Bipartisan board of elections commission to scan Mercer County ballots Tuesday night

One side of the ballot in Lawrence. Voters were given Sharpie markers to fill in their ballot choices. The markers bled through the ballots to the other side. Fortunately, there were no candidates listed in those spots on the ballot. Photo submitted by a Planet Princeton reader.

Early voting results, half of the vote-by-mail results, and some of the in-person paper ballot results will be counted and posted Tuesday night for elections in Mercer County, officials said. The polls closed at 8 p.m. in New Jersey. Poll workers reported a steady turnout in Princeton on Tuesday afternoon, even though the local council race is uncontested. Republicans did not run for council, and the Democratic primary was also uncontested. The school board election is the reason many voters turned out in Princeton. Three incumbents and two newcomers are seeking the three seats available on the school board.

Voters were unable to scan their own ballots in all of the voting districts in Mercer County on Tuesday in the general election due to a Dominion voting machine software malfunction. Voters still filled out the paper ballots as they normally do, but they could not scan them themselves. Instead, voters deposited their ballots into slots in the machines. The machines were then taken to the Mercer County Board of Elections, where the bipartisan commissioners of the board will scan them using high-capacity scanners, Mercer County Clerk Paul Sollami Covello said.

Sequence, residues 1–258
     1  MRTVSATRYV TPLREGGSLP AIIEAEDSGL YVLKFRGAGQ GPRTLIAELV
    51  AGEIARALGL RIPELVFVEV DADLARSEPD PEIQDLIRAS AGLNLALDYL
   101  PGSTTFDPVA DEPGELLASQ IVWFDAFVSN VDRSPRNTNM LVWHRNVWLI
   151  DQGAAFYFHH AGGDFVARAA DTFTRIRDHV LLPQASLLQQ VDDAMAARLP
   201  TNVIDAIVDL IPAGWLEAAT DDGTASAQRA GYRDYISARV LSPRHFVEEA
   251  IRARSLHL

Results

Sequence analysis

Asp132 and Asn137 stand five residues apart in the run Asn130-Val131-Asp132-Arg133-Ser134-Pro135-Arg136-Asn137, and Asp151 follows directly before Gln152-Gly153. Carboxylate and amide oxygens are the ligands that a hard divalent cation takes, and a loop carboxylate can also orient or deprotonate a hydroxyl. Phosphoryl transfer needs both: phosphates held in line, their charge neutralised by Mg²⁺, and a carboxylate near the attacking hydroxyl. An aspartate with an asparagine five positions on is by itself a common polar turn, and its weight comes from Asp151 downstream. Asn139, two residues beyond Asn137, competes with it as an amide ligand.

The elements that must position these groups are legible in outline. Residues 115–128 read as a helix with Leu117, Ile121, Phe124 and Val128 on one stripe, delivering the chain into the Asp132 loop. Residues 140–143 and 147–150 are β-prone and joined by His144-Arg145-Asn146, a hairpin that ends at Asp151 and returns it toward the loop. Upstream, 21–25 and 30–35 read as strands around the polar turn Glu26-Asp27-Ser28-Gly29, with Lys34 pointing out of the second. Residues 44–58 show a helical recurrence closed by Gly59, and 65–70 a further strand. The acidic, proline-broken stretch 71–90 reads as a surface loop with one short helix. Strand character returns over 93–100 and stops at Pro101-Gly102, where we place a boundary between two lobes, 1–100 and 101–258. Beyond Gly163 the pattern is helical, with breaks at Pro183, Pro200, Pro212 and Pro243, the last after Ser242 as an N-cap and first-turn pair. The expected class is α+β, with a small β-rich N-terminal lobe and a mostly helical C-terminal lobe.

“We have Dominion and other IT professionals investigating the problem with our scanners and we will release information when the investigation is complete,” Mercer County Clerk Paula Sollami Covello said. “Please know that voters have been voting all day.”

Sollami Covello said all of the scanners were tested as part of voting machine inspections, with no problems, and were tested again Monday. “Both political parties in Mercer County have acknowledged today that this process (of counting paper ballots) is transparent and fair,” Sollami Covello said.

The Mercer County Superintendent of Elections is responsible for voting machine inspections, not the county clerk.

Check back on Planet Princeton for election results later. Thank you to readers for reaching out to us today to report what was happening at the polls.